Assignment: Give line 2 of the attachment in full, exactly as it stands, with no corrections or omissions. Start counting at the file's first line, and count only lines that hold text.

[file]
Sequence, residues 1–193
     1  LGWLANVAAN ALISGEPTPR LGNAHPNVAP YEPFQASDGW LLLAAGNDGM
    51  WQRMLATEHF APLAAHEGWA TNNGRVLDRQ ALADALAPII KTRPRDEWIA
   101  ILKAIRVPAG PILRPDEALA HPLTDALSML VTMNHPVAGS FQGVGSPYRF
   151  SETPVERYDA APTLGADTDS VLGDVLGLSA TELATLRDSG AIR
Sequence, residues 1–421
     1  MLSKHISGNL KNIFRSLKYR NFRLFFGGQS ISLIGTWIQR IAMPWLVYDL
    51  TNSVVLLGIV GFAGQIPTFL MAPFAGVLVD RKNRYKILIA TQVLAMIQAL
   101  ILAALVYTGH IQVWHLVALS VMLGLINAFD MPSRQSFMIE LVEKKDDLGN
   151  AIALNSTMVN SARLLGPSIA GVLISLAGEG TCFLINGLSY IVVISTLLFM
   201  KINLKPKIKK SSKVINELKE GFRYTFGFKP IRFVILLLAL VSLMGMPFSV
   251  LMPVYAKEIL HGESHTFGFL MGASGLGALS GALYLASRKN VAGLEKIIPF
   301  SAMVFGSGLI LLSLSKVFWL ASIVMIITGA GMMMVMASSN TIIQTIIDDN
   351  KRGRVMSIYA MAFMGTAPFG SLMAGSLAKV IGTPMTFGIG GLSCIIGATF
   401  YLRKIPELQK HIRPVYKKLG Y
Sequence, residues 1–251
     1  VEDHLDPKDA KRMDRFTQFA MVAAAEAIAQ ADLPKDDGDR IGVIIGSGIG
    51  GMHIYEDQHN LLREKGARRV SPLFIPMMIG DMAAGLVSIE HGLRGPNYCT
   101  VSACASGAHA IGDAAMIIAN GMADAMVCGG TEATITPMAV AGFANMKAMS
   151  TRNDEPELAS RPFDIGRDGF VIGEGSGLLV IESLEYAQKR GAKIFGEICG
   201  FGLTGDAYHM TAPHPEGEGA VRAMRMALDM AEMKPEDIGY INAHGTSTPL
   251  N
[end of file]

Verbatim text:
     1  LGWLANVAAN ALISGEPTPR LGNAHPNVAP YEPFQASDGW LLLAAGNDGM